Moving to the V8 brought the Malibu sedan’s base price up $225 to $8,309 (about $21,700 in 2019 dollars). Options that were ordered in more than 50% of 1983 Malibus included air conditioning (the most expensive option at $725), tinted glass ($105), remote left-hand side-view mirror ($22), and rear window defogger ($135).

1983 Chevrolet Malibu brochure cover, linked from the Old Car Manual Project’s amazing brochures section.

Interestingly, you could still order some performance-oriented options for the Malibu even in its final year. A limited-slip differential ($95), performance rear axle ($21), gauge package with trip odometer ($95), heavy-duty battery ($25), heavy-duty cooling, rally wheels ($108), and the F40 heavy-duty suspension ($26) were all available, though I’m not convinced they found a lot of buyers among the total of 117,426 Malibus purchased in 1983.

This generation of Malibu does come up for sale every once in a while in the Hemming’s Motor News classifieds or on eBay Motors, but there were no reasonably stock sedans available when I updated this blog entry in June 2019.

Make mine Dark Blue Metallic, please.

Other rear-wheel drive G-platform (designated A-platform before 1982) cars I have written about include the 1984 Buick Regal Grand National coupe, the 1981 Chevrolet Monte Carlo Sport Coupe, the 1981 Oldsmobile Cutlass Supreme coupe, the 1980 Pontiac Grand Am coupe, and the 1987 Pontiac Grand Prix coupe.

Updated June 2019.

Eighties Vehicles at the 2019 Mecum Indianapolis

As usual Mecum’s huge May auction in Indianapolis provided much interesting fodder for commentary. I’ll concentrate on the at least fairly stock 1980s cars (and a few trucks) that sold (remember that Mecum auctions are not “no reserve” auctions—a Grand Prix White 1987 Porsche930 coupe with black leather bucket seats and 40,000 miles was a no sale bid up to $85,000) and add some of my opinions. Eighties vehicles were about 9% of the approximately 1,100 vehicle lots sold in this auction.

Tuesday, May 14th:

  • 1986 gray/red two-tone GMC custom (engine) pickup truck with a tan cloth/vinyl bench seat, a 6.3 liter/383 ci V8 with a four-barrel carburetor, an automatic, and 54,000 miles—$10,000 hammer price
  • 1989 Quicksilver/Midnight Blue two-tone Chevrolet Suburban R1500 Silverado SUV with blue custom cloth bucket seats, a 210 bhp 5.7 liter/350 ci V8 with fuel injection, an automatic, and 27,000 miles—$16,500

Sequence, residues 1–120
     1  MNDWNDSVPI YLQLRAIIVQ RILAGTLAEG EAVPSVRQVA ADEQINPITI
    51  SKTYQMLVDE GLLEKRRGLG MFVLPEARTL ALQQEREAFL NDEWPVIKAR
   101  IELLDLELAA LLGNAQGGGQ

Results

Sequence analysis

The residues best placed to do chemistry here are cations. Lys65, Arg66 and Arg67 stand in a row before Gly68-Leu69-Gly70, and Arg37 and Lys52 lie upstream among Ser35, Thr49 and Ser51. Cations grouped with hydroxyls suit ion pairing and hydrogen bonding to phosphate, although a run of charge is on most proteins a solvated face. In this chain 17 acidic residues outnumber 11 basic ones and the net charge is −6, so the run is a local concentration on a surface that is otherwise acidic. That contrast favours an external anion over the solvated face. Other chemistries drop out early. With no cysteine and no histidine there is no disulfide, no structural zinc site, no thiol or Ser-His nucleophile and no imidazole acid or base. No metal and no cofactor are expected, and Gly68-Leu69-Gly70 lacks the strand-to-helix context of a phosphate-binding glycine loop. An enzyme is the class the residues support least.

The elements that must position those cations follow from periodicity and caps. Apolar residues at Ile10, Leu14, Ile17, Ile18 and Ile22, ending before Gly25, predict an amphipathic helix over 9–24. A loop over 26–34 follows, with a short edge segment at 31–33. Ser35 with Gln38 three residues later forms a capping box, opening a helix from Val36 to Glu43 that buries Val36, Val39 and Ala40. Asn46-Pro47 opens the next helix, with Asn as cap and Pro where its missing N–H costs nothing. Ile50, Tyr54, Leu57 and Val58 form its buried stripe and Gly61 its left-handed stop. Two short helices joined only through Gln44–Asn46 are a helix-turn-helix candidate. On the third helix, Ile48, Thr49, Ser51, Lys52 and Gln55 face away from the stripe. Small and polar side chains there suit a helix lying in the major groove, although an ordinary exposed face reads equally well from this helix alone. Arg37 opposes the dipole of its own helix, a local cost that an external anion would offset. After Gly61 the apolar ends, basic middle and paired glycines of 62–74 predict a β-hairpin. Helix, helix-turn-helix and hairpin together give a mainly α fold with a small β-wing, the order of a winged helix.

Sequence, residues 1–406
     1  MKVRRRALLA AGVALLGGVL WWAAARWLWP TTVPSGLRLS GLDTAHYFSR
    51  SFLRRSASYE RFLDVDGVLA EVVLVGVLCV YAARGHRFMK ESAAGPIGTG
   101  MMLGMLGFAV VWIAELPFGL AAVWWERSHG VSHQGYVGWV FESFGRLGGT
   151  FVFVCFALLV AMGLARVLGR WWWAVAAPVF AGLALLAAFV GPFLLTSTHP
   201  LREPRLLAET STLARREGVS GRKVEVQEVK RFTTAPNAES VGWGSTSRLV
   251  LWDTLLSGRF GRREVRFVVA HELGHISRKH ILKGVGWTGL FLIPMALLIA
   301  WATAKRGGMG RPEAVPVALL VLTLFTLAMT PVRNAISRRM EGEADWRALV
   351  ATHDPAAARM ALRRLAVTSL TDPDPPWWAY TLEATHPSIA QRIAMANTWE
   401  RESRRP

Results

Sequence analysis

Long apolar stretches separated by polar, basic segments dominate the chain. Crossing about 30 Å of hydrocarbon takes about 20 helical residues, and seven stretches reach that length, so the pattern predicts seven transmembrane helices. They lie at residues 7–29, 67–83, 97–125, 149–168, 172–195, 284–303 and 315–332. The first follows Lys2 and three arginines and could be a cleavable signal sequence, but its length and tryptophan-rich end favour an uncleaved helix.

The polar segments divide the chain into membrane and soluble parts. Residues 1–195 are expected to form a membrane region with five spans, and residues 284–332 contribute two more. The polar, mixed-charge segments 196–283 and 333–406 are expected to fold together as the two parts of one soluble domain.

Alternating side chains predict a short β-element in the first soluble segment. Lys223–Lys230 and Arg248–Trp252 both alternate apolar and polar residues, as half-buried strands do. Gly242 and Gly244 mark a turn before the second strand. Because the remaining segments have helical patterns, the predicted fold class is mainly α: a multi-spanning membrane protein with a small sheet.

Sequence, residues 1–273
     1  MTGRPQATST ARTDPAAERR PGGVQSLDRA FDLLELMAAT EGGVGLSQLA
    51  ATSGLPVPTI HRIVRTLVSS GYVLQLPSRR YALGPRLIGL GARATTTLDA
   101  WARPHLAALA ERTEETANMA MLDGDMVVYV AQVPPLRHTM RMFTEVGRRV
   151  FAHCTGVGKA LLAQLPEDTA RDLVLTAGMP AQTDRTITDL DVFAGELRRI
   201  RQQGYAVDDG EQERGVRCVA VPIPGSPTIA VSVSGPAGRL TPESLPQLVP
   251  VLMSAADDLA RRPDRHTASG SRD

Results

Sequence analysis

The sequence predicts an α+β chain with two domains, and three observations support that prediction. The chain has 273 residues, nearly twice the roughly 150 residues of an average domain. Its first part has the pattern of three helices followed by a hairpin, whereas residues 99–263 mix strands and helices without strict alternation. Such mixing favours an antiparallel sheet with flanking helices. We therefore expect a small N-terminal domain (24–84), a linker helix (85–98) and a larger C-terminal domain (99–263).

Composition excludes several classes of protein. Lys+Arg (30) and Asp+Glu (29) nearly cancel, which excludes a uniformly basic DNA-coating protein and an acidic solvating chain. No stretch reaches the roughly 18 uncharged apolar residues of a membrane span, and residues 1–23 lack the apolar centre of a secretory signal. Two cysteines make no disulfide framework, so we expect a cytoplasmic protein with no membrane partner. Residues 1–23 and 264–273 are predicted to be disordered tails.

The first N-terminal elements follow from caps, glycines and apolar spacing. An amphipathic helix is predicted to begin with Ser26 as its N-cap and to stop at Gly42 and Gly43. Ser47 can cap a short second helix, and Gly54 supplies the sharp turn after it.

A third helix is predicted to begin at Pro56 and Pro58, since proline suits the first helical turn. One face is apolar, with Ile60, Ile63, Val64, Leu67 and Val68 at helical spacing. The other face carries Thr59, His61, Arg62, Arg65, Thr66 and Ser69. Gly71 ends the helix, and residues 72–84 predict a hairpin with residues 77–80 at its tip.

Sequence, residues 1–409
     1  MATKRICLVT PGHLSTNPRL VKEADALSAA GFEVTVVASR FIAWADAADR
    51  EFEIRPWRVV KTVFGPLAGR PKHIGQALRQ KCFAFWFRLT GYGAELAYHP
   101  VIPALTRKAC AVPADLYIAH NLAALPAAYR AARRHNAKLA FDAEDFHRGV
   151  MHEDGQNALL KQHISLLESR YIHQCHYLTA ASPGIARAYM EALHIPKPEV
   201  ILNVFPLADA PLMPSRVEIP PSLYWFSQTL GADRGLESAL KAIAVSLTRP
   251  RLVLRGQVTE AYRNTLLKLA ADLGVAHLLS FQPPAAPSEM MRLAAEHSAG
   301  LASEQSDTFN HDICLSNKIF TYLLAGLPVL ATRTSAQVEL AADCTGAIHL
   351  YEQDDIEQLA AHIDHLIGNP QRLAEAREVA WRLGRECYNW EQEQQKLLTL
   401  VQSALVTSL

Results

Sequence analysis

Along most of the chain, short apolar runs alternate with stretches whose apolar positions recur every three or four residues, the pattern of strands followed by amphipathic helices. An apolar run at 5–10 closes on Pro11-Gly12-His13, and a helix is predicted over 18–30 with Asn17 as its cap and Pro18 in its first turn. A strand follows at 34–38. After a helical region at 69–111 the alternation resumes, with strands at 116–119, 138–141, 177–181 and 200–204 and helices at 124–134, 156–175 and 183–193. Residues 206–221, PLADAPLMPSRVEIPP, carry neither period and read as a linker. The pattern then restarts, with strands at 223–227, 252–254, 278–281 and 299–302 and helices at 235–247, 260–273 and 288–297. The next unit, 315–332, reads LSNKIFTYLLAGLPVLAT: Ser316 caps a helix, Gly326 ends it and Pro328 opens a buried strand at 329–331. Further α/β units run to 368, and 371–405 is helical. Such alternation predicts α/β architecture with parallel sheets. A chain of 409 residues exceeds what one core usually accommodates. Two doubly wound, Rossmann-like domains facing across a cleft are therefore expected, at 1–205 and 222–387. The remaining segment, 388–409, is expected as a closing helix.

• 1985 silver/black two-tone Chevrolet C10 Silverado pickup truck with a gray cloth bench seat, an unknown V8, and an automatic—$13,000
  • 1988 yellow Pontiac Fiero GT very custom (engine, body, brakes) coupe with gray bucket seats, a 4.9 liter Cadillac V8 (!), and an automatic—$8,500
  • 1981 white Chevrolet Corvette custom (body) coupe with blue leather bucket seats, a 5.7 liter/350 ci V8 with an Edelbrock carburetor, an automatic, and 37,000 miles—$7,500
  • 1985 Bright Red Chevrolet Corvette hatchback coupe with gray leather bucket seats, an L98 230 bhp 5.7 liter/350 ci V8 with fuel injection, and an automatic—$3,500
  • 1987 silver/black two-tone Chevrolet C10 Silverado pickup truck with a gray cloth bench seat, a 5.7 liter/350 ci V8, an automatic, and 47,000 miles—$12,000
  • 1987 Flame Red Pontiac Firebird Trans Am GTA with tan leather bucket seats, an L98 210 bhp 5.7 liter/350 ci V8 with fuel injection, an automatic, and 141,000 miles—$3,500
  • 1989 red Cadillac Allanté convertible with tan leather bucket seats, an HT-4500 200 bhp 4.5 liter/273 ci V8 with fuel injection, and an automatic—an ouch! at $2,000
  • 1986 Zermatt Silver Metallic Porsche 944 Turbo hatchback coupe with black bucket seats, a 220 bhp 2.5 liter/151 ci inline four with turbocharger, intercooler, and fuel injection, a five-speed manual, and 89,000 miles—$11,500. You see more and more 9×4 Porsches at auction these days.
1985 Porsche 944 Turbo hatchback coupe, linked from Mecum’s website.
  • 1980 blue Chevrolet Camaro Z28 coupe with blue seats, an LM1 190 bhp 5.7 liter/350 ci V8 with a Rochester four-barrel carburetor, a four-speed manual, and 97,000 miles—at $12,500 the first vehicle in this auction to meet my criteria for serious 1980s collectability of original cars or trucks: selling for equal to or above its original base list price. I’ll mark these vehicles in bold green.
  • 1988 black Mitsubishi Pajero SUV with gray cloth bucket seats, a 2.5 liter inline four, a five-speed manual, and 121,000 miles—$3,000
  • 1983 white Buick Riviera convertible with a white top, red leather seats, a 5.0 liter/307 ci V8 with a four-barrel carburetor, an automatic, and 77,000 miles—$9,000
  • 1985 blue/silver two-tone Ford Bronco II SUV with blue cloth bucket seats, a Cologne 115 bhp 2.8 liter/170 ci V6 with a two-barrel carburetor, and an automatic—$8,000
  • 1987 red Chevrolet Corvette custom (engine) convertible with tan leather bucket seats, a 5.7 liter/350 ci V8 with a carburetor, and an automatic—$5,000
  • 1983 black Datsun 280ZX Turbo hatchback coupe with tan bucket seats, an L28ET 180 bhp 2.8 liter/168 ci inline six with turbocharger and fuel injection, and an automatic—$7,000